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Rex Hartwig to be inducted into Australian Tennis Hall of Fame

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Australian tennis great Rex Hartwig will be inducted into the Australian Tennis Hall of Fame today.

During a special ceremony on Rod Laver Arena before the night session, Hartwig will unveil a bronze bust, which will join greats of Australian tennis including Rod Laver, Ken Rosewall and John Newcombe in Garden Square at Melbourne Park.

An outstanding doubles player, six-time Grand Slam champion Hartwig is best known for his perfectly timed groundstrokes and his crisp accurate volleys.

He won titles at the US Open in 1953, the Australian Open in 1954 and at Wimbledon in 1954 with Mervyn Rose, winning again at Wimbledon in 1955 with Lew Hoad. He also won mixed doubles at the Australian Open in 1953, with Julie Sampson (USA) and again in 1954 with Thelma Long.

“It is an absolute honour to have this Hall of Fame induction bestowed on me and I feel both very honoured and very humble,” 86-year-old Hartwig said.

“I am extremely proud that my contribution to tennis is being recognised in this way and receiving this accolade is very meaningful indeed.

“My fondest moments have been winning the major Grand Slams of Wimbledon, US and Australian doubles as well as all of the Davis Cup matches playing for Australia but in particular winning the two Davis Cups.

“I look forward to my own bust being placed in Garden Square at Melbourne Park as it will be joining my great tennis mates in Rose, Hoad, Rosewall, Fraser and Sedgman whom I was fortunate enough to travel and play with, sharing so many great experiences, stories, triumphs and memories together that will never fade,” Hartwig continued.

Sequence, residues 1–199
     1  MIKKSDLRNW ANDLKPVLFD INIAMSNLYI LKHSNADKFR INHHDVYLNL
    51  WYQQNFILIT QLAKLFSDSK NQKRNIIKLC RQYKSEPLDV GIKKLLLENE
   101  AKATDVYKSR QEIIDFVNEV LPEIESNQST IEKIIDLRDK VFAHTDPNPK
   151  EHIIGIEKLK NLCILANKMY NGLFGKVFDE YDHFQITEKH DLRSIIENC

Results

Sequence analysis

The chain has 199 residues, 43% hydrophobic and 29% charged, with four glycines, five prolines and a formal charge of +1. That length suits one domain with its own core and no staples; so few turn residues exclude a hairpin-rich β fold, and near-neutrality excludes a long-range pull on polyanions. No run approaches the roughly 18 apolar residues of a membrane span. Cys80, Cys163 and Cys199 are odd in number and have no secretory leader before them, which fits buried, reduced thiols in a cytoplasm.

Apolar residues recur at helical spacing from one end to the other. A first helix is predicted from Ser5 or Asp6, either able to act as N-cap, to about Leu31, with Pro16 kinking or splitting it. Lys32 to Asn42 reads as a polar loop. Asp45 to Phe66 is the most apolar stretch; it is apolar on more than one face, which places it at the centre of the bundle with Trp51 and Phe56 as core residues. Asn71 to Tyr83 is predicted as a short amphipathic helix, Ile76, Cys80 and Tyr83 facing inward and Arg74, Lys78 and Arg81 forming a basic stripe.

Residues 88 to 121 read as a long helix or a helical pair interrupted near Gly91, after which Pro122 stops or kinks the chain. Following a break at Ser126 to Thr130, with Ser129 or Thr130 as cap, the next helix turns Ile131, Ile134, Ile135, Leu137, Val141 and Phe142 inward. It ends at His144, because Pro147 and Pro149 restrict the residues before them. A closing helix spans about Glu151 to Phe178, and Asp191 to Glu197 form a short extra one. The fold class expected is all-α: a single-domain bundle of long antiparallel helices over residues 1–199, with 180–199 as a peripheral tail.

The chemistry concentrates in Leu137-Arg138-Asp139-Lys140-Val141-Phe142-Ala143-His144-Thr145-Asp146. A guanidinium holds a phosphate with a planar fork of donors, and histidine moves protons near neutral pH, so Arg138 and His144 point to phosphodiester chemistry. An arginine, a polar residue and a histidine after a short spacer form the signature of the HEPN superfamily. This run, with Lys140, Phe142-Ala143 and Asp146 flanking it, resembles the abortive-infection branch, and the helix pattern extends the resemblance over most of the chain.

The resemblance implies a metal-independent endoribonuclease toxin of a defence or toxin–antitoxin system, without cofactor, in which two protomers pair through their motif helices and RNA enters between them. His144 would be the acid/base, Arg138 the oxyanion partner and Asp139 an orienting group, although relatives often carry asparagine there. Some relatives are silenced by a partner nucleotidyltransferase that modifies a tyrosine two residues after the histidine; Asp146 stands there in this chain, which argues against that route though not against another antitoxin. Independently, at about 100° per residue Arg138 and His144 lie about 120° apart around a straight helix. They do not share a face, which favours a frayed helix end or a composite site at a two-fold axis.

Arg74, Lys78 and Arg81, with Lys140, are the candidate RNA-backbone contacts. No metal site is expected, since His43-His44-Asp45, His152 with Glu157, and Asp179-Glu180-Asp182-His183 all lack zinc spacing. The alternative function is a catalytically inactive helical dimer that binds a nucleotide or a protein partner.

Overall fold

Born in Culcairn, NSW, Hartwig excelled in a range of sports from tennis, athletics, football and cricket while growing up. During the week he was his father’s right-hand man, and on Saturday afternoons his tennis partner at the Culcairn Tennis Club.

Although achieving most of his success in the doubles game, Hartwig was also a handy singles player, reaching a ranking of world No.5 and finishing as runner-up at the Australian Open, losing to Rose, and the US Open to Vic Seixas, both in 1954.

A member of the Australian Davis Cup team from 1953 to 1955, Hartwig played in eight ties, compiling an enviable 12-1 win-loss record and helped the team to lift the coveted trophy in 1953 and 1955.

In 1955 aged 26 Hartwig turned professional but after several years on the tour returned to his farm in Greta, Victoria with his growing family.

In 1975 Hartwig came out of retirement after 16 years away from the game to play in the Australian Veterans Championships, winning the doubles with Rose and finishing as runner-up in the singles. In 1976 he won the singles at the Australian Veterans Championships.

In 1976 he was invited to play the elite Grand Masters tour of former world champions and ended up playing for five years, competing all over the world in front of big crowds.

Hartwig’s tennis career continued until the 1990s as he conducted coaching clinics across the north east region of Victoria with his son Leigh. Today he runs a successful Poll Dorset Stud in Greta and enjoys spending time with his 13 grandchildren.